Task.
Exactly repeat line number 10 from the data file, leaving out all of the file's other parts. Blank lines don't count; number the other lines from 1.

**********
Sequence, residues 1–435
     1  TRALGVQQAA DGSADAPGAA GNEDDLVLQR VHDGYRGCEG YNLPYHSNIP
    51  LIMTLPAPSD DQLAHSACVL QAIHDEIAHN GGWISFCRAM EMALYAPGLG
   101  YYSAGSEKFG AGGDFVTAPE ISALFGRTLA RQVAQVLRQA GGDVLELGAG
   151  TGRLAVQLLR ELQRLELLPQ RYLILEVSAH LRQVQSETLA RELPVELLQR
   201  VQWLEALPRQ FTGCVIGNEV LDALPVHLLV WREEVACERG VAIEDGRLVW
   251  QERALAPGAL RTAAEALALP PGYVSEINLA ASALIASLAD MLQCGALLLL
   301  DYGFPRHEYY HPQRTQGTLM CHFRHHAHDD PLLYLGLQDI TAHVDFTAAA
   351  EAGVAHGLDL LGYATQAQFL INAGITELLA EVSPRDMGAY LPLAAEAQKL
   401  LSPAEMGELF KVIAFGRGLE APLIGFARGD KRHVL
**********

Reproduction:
   401  LSPAEMGELF KVIAFGRGLE APLIGFARGD KRHVL